But there will be joy and inspiration, a feeling of communality, that can only be had at such gatherings.

For a believer, it may even offer divine revelation.

Taking shape over several weeks, the heavenly city is built with the cheapest of materials: bamboo poles, sackclothing, cardboard, tarpaulins, etc.

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Amar Das, an Udasin baba, shakes his hair loose and smokes a cigarette before taking a bath in the Ganges at Allahabad, where it is joined by the sacred Yamuna and the 'hidden' mythical Saraswati; a very holy spot.
Ujjain in 1992
Ujjain is in May, and thus the 'hot' Kumbh. Dry as well. Good locations, though the farthest ends of the encampments are still at least 25 kms apart. But plenty of space. The Shipra is rather shallow, but extra water is pumped in.
Apart from Mahakala Mandir (which is built around a very 'powerful' jyotir li–ga) there are the Bartrihari caves (important especially for Nath baba's), the Datt Akhara (one of the most important Juna Naga establishments) and a popular Hanuman Mandir: Mangalnath.
Ujjain is also associated with Bhairom (or Bhairava), the Aghori manifestation of Shiva.
Sadhus during the procession through the city of Ujjain. With a shower of flowers the people welcome a procession of holy men and women into town.
 
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The initiation ceremonies of the Juna Akhara on the bank of the Shipra river at Ujjain. About three thousand new disciples took part, just for this Akhara – impressive evidence of the attraction sadhu-life still has today.
Upon joining a sect, an apprentice-sadhu must undergo an initiation-rite, which is regarded as a symbolic death — and a rebirth. He dies from his former, earthly life and is reborn into the divine life. The visible symbol of this rebirth is the shaven head of the novice, bald as a baby's.

After initiation, any talk or thought about the former life is discouraged; it is irrelevant now and age is reckoned from the new birthday.

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At initiation, these apprentice Naga babas had their head shaven as a most visible sign of their rebirth into the brotherhood of Sadhus, in this case the Juna Akhara.

The bond with the guru is now all important. He is the 'dispeller of darkness', the guide for piercing the Veil of Illusion. The guru is father, mother and teacher — and the disciple worships his guru as god incarnate; he will please him any way he can (in the ideal case, anyway).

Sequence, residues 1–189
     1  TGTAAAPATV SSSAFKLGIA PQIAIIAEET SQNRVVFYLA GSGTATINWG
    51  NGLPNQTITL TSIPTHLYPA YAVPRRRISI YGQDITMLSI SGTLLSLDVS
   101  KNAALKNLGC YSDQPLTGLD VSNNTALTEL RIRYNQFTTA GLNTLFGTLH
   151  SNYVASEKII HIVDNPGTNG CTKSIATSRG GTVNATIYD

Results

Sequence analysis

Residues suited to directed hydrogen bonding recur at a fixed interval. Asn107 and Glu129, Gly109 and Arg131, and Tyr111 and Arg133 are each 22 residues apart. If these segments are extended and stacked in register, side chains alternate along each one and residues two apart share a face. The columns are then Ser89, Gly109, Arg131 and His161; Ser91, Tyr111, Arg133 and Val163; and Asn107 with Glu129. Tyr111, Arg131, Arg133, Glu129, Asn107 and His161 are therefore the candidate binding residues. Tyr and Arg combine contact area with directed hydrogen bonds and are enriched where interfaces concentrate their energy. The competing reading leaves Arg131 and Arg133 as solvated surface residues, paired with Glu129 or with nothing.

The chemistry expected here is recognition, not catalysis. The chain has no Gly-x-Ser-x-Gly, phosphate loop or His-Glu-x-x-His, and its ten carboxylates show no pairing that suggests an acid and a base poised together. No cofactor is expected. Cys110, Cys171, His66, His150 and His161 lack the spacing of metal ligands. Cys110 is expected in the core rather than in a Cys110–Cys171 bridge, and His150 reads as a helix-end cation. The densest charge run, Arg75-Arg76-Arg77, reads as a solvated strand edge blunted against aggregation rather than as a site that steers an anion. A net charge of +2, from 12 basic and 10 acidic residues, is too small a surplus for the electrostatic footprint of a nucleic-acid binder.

And the best place and time to be initiated is at a Kumbha Mela.
For some sects it is the only occasion.

Haridwar in 1998
3944 Bengali Baba Ragunath Das. 3991
Shiv Giri, a khareshwari of one year's standing, belonging to the Juna Akhara, with visiting pilgrims and babas.
Prayag (Allahabad) in 2001
This Kumbh was a really big media event.
Hundreds of journalists, filmers and photographers from all over the world attended.
Whenever something spectacular (like the bathing processions) took place, they had to jostle for space and were getting into each other's way.
At almost every hour of the day, dozens of media people surrounded the more 'interesting' sadhus.
In contrast with their attitude at previous melas, the sadhus didn't seem to mind it too much.

After the first bathing day, however, a ban on filming and photographing on the riverbanks was proclaimed to protect the privacy of female pilgrims having their holy bath.

(It is a bit sad to realize that all this disturbing media activity will result in very few serious publications.)

Mr. Om Prakash Chandel (left), a man without legs or arms.

Dressed like a holy man he sits immobile all day and awaits the offerings of pilgrims.
Saraswati Giri, a Naga baba of the Juna Akhara, one of the few sadhus nowadays, who is n‰ked all the time (and not only at the Kumbh, as the other Naga babas). He has gone to Kailas.
4414 It was also the first Kumbh actively marketed (by the U.P. government as well as private travel agencies) to Indian and foreign tourists. And indeed, a thousand or so tourists did turn up.
So now sadhus have become tourist-attractions.
One wonders how this will effect future Kumbhs, as well as the sadhus.

Since tourism always seems to turn gold into lead, however, there is no reason to expect anything positive.

Another remarkable aspect of this Kumbh was the presence of a lot more 'non-tourist' foreigners than at previous Kumbhs (all in all numbering a thousand or two).

Pilgrims guided by their hometown Baba, carrying a kumbha with flowers (the birthgiving womb) on their head, on their way to make offerings to Ganga.

Foreign sadhus (some even with their own foreign chelas), foreign sadhu-like persons, foreign chelas of Indian sadhus, foreign followers of Indian sadhus, and foreign 'neo-hippies' with sadhu-like tendencies.

Does this herald the beginning of an international sadhu movement? Or is it only a temporary fashion?
Or does it herald the end of the sadhus "as we know (knew) them"?

(For more on foreign influences on sadhus, see notes.)

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Much more info and many photos in my book Contact Dolf Hartsuiker